the Martha Washington supper.
They remained over Sunday at the
home of Mrs. W. W. Weston.
Miss Vera Coleman, of Nyack-on-the-Hudson,
attended the Martha
Washington supper and was the
guest of her aunt, Mrs. Wm. H. Haw
ken. She returned homo Monday.
Georgo Coleman, her brother, also
spent Saturday and Sunday In Hones
dalo. REAL ESTATE TRANSFERS.
Wm. J. Rogers, of Orange, N. J.,
to Henry N. Hallock, Yonkers, N.
Y., land In Preston, $1.
S. F. Tayolr et ux. of New York,
to Henry IN, Hallock, Yonkers, N. Y
land In Texas, $1.
John Erk et ux. and Caroline A.
Erk, Honesdale, to Mary Moulter,
Texas, property In Seelyvllle, $1.
Joseph E. Cross et ux., Sterling,
to Samuel N. Cross, same, land in
Wm. J. Burke, of Cherry Ridge,
to Geo. W. Dunn, Scranton, land In
Cherry Ridge; $300.
Hold In Presbyterlnn Clinpel Friday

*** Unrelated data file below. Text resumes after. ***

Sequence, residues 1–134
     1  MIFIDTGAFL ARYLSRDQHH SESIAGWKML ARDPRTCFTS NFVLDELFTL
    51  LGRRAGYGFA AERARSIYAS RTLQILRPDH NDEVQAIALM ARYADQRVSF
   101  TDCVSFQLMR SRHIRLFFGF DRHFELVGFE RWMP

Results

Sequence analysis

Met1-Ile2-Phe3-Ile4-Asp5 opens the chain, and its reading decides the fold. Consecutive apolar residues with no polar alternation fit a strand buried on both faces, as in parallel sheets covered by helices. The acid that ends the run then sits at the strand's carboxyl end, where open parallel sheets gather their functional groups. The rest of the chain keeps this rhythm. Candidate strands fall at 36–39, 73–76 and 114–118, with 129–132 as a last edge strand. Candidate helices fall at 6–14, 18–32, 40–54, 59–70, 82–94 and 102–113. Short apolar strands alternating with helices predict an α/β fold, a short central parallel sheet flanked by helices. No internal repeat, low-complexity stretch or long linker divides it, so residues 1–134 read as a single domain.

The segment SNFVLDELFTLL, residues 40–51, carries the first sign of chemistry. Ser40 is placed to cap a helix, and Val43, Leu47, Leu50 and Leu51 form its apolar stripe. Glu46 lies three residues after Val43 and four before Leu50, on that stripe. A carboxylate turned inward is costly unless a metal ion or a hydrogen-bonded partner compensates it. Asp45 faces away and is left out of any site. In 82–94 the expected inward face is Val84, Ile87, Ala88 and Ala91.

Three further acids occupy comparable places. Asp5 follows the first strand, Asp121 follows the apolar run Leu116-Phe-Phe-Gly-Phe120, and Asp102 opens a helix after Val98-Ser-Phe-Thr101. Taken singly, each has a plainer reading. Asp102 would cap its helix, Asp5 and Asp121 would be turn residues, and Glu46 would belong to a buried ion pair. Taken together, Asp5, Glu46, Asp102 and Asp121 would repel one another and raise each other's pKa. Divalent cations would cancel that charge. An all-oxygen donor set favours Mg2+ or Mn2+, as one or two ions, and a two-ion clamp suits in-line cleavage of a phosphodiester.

Night Over Five Hundred Sup
pers Served Largest E-cr
The twenty-fifth annual Martha
Washington Supper of the Presby
terian church was held In the Chapel
Friday evening of last week. The
chapel was beautifully decorated with
artificial flowers and the balcony was
trimmed with popples. The booths
wore covered with branches of cherry
trees with artificial cherries hanging
thereon. At one side of the room
stood a cherry tree, Its branches
laden -with ripe fruit. The tables
were laid In the balcony In a half
Over five hundred suppers were
served .by the ladles In charge to
guests and one hundred suppers were
sent out. The fancy work and candy
booths on the first floor -received
much patronage. The candy booth
took in $95 and the fancy work
booth took in about $176. The sup
per was a success both financially and
socially. There were many out of
town guests present.
The members of the committees
in charge of the supper wero tho